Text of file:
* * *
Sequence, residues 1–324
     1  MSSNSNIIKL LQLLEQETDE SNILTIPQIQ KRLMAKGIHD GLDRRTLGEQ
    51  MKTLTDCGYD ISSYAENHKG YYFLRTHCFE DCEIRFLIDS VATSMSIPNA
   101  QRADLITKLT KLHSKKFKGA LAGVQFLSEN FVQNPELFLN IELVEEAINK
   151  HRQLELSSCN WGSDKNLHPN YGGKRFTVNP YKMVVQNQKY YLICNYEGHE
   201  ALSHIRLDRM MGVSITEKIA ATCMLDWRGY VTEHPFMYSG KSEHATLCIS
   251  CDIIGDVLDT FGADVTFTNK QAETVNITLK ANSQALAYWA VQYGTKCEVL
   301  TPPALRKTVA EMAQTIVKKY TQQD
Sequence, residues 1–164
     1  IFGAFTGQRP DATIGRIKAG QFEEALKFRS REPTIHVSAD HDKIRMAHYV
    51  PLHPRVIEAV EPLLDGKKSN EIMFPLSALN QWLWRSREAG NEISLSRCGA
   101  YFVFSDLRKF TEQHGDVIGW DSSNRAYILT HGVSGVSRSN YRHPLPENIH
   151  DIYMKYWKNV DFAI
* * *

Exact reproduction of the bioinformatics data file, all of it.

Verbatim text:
Sequence, residues 1–324
     1  MSSNSNIIKL LQLLEQETDE SNILTIPQIQ KRLMAKGIHD GLDRRTLGEQ
    51  MKTLTDCGYD ISSYAENHKG YYFLRTHCFE DCEIRFLIDS VATSMSIPNA
   101  QRADLITKLT KLHSKKFKGA LAGVQFLSEN FVQNPELFLN IELVEEAINK
   151  HRQLELSSCN WGSDKNLHPN YGGKRFTVNP YKMVVQNQKY YLICNYEGHE
   201  ALSHIRLDRM MGVSITEKIA ATCMLDWRGY VTEHPFMYSG KSEHATLCIS
   251  CDIIGDVLDT FGADVTFTNK QAETVNITLK ANSQALAYWA VQYGTKCEVL
   301  TPPALRKTVA EMAQTIVKKY TQQD
Sequence, residues 1–164
     1  IFGAFTGQRP DATIGRIKAG QFEEALKFRS REPTIHVSAD HDKIRMAHYV
    51  PLHPRVIEAV EPLLDGKKSN EIMFPLSALN QWLWRSREAG NEISLSRCGA
   101  YFVFSDLRKF TEQHGDVIGW DSSNRAYILT HGVSGVSRSN YRHPLPENIH
   151  DIYMKYWKNV DFAI